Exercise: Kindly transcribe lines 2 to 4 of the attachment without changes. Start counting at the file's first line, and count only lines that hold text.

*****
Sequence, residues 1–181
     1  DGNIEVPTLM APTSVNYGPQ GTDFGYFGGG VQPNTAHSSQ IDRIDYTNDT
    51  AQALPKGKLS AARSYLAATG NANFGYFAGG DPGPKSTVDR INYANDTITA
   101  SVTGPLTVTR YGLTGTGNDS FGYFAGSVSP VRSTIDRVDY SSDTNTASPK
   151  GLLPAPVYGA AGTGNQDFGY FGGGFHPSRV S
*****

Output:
     1  DGNIEVPTLM APTSVNYGPQ GTDFGYFGGG VQPNTAHSSQ IDRIDYTNDT
    51  AQALPKGKLS AARSYLAATG NANFGYFAGG DPGPKSTVDR INYANDTITA
   101  SVTGPLTVTR YGLTGTGNDS FGYFAGSVSP VRSTIDRVDY SSDTNTASPK